Can black force a win (against perfect play) after the following moves?

[FEN "6k1/5p2/1Pp3pb/2q4p/1rNpPP2/3Q2PP/8/5RK1 b - - 0 1"]
[StartPly "3"]

1... Rxc4 2. b7 (1. {Chess Tempo #97369})

A quick summary of this position is:

  • Black is initially an entire bishop ahead.
  • White has a passed pawn that is dangerously close to promotion.
  • Black has connected passed pawns.


I recently asked "Chess Tempo #97369 - Theoretical win or draw?" about Chess Tempo problem #97369 where I asked what the theoretical value of the position is. From my own analysis (please feel free to check it for errors) I believe that black was in a winning position on the previous move, and at least one way to have won was to play Qxc4.

The only move that is accepted as correct by the Chess Tempo site is Rxc4 because it has a very high evaluation according to the site's engine (Toga II). However I'm not even sure that this move works against perfect play by white. If it doesn't work I will request the site's owner to disable the problem.

What do you think? Can black force a win from the position the diagram results in? If so, how? If not, why not? Opinions are welcome but using an engine to check your analysis is also encouraged.

  • What's wrong with 1.-,Rb4, 2.-,Qb6? white has one powerful pawn, and if black disable the power of this pawn, will be winner by exchange in the rest of game. (Also black has powerful pawn in d4). Commented May 26, 2012 at 20:59
  • @SaeedAmiri: I think the line goes: 1...Rb4 2.Rb1 Qb6 3.Rxb4 Qxb4 4.Qa6. However white's pawn is not really "disabled", just slowed down a bit, as far as I can see. How can black continue from there?
    – Mark Byers
    Commented May 26, 2012 at 21:09
  • 1
    possible duplicate of Chess Tempo #97369 - Theoretical win or draw?
    – Tony Ennis
    Commented May 26, 2012 at 23:21
  • 1
    I believe this line will indeed be no better than a draw for black, as in the line in your comment, after 4. Qa6 black doesn't have enough time to control b8 with both queen and bishop, and so seemingly has nothing better than to give a perpetual.
    – ETD
    Commented May 26, 2012 at 23:34
  • 3
    The difference between the questions is that the first one is "Is it possible for black to force a win from this position?" and the second question is "Is it still possible for black to force a win even if he plays a terrible move as his first move?" I think it's two different questions. But I'm not really interested in discussing whether the questions should be merged. I just want this question to be answered. If no-one else will answer it I'll try to answer it myself (again...) but I'd much rather have an answer from a chess expert.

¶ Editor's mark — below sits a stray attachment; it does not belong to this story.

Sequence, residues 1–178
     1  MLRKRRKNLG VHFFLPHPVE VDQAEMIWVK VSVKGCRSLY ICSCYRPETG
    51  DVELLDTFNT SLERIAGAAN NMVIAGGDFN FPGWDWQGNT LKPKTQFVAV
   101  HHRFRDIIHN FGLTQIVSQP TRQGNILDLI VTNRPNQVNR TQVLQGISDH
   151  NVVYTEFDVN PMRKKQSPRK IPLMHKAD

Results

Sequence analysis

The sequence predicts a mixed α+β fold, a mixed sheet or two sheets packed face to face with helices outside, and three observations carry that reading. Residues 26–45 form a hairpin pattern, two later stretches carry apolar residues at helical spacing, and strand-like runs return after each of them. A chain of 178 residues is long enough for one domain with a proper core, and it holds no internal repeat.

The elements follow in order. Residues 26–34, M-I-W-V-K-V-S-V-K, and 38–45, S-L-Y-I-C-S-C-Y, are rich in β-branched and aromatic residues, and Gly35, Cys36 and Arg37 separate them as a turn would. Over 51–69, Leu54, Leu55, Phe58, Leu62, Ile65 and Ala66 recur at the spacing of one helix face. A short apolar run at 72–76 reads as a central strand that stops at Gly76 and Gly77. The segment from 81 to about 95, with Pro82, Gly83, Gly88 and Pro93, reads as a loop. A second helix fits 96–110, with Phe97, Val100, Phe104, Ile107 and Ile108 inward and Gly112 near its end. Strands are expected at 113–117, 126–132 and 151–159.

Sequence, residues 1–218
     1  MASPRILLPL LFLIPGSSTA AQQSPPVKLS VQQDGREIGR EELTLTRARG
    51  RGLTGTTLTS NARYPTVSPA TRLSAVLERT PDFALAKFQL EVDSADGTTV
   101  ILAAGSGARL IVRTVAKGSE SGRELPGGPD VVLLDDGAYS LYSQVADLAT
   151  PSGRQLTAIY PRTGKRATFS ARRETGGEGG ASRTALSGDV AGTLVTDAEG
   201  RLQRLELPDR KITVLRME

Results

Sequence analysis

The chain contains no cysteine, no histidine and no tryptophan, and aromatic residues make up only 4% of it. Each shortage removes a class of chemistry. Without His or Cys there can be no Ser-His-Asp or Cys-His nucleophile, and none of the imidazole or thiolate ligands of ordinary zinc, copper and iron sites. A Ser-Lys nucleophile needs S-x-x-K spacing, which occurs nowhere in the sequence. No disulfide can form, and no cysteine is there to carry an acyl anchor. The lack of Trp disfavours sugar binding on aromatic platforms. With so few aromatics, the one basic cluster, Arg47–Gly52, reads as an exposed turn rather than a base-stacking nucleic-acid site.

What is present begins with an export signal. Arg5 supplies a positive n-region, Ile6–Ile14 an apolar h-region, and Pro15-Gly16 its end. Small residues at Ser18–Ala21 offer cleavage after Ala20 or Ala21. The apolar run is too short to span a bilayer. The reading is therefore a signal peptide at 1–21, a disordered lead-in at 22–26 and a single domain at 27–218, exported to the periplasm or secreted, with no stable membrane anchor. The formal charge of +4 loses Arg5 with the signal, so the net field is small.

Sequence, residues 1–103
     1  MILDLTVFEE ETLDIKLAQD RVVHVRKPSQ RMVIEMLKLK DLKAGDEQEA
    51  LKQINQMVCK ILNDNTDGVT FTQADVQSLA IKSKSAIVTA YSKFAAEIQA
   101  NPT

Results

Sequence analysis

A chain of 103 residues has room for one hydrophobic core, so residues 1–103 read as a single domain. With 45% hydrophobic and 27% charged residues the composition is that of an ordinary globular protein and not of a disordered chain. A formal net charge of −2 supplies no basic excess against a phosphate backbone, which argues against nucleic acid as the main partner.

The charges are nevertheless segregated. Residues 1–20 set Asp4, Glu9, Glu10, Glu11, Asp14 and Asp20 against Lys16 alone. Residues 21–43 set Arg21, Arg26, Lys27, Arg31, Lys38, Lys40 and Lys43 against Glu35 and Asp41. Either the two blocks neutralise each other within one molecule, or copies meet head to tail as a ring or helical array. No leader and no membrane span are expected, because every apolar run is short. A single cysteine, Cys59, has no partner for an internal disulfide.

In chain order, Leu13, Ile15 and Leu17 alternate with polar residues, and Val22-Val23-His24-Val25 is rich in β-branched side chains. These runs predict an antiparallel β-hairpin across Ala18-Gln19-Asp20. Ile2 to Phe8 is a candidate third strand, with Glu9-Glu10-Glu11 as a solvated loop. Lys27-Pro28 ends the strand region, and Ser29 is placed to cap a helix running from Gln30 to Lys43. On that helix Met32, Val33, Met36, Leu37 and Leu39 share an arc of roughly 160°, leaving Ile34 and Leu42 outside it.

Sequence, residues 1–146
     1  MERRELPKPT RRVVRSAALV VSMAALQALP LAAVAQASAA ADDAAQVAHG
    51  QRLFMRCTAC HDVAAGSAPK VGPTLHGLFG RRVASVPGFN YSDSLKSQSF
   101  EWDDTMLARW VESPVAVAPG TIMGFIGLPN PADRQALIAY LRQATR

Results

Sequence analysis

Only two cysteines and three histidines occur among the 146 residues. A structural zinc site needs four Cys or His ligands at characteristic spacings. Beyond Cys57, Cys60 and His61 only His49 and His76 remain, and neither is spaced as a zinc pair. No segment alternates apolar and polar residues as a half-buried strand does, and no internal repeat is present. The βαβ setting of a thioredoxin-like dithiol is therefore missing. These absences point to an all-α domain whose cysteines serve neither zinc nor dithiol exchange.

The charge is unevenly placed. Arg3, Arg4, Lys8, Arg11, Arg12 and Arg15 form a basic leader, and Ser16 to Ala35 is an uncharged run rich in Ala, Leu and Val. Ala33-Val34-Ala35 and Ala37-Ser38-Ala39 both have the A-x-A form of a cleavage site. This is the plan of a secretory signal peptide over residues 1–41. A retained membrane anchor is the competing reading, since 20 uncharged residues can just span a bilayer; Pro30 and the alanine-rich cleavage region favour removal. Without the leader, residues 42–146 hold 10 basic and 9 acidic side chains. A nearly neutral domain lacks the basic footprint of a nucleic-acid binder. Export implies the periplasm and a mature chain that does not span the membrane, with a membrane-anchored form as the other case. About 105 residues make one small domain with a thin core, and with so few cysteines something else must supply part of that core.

– Mark Byers
    Commented May 27, 2012 at 1:16

3 Answers 3


I believe black can do no better than a draw from the starting position. First I'll give my own reasoning for it (and everything I'll say I've checked with Houdini, to rule out silly oversights on my part). Further below, I will suggest what I think is a very plausible explanation for why Chess Tempo's engine might have gotten it wrong.

The first move

1... Rb4

is forced, as it is the only way to keep white's b-pawn from queening without losing the rook. In turn, white's reply

2. Rb1

is forced, because without the b-pawn white will certainly be losing. Now white is threatening 3. b8=Q, which would force black to give up the rook. Since 2... Rxb1+ 3. Qxb1 doesn't help, black is thus forced to play

2... Qb6

Again white cannot let the b-pawn fall for nothing, and so has no choice but to play the sequence

3. Rxb4 Qxb4 4. Qa6

to stop black's threat of ...Qxb7. Now it is black to move from the following position:

[FEN "6k1/5p2/1Pp3pb/2q4p/1rNpPP2/3Q2PP/8/5RK1 b - - 0 1"]
[StartPly "9"]

1... Rxc4 2. b7 {Last given ply, white threatens b8=Q+} 2... Rb4 {First original move, prevent pawn promotion without loosing rook} 3. Rb1 {preserve pawn to avoid loosing}
3... Qb6 (3... Rxb1+?? 4. Qxb1 {pawn is just about promoted}) 4. Rxb4 Qxb4 5. Qa6 {black must now give perpetual check to avoid loosing}

Black would love to consolidate the position by getting the bishop to a spot where it eyes the b8 square along with black's queen (say by ...Bf8 followed by ...Bd6); doing so would eliminate any danger of white's pawn promoting, and allow black to regroup and win easily with the extra bishop. Unfortunately, if black tries 4... Bf8, then 5. Qa8 threatens to promote and simultaneously pins the bishop, preventing 5... Bd6. In that case, black has no better option than to play 5... Qe1+ and put white into perpetual check, draw. So 4... Bf8 doesn't work, but any other direct try by black to impede the advance of the b-pawn will just be slower. The problem is that, from the diagram position (meaning my diagram), black's forces are just uncoordinated enough that he doesn't have enough time to prevent Qa8 and promotion of the b-pawn directly, and must instead go in for perpetual check.

From a broad conceptual point of view, black has only one other idea to try and play for a win if he can't stop the b-pawn: to run his own d-pawn to promotion. But it's easy to see that that plan is also too slow. If black tries 4... d3, then after the white response 5. Qa8+ Kh7(g7) 6. b8=Q, black's queen is en prise and white is now threatening to mate. So black would again be forced to bail out and go for a perpetual check with 6... Qe1+.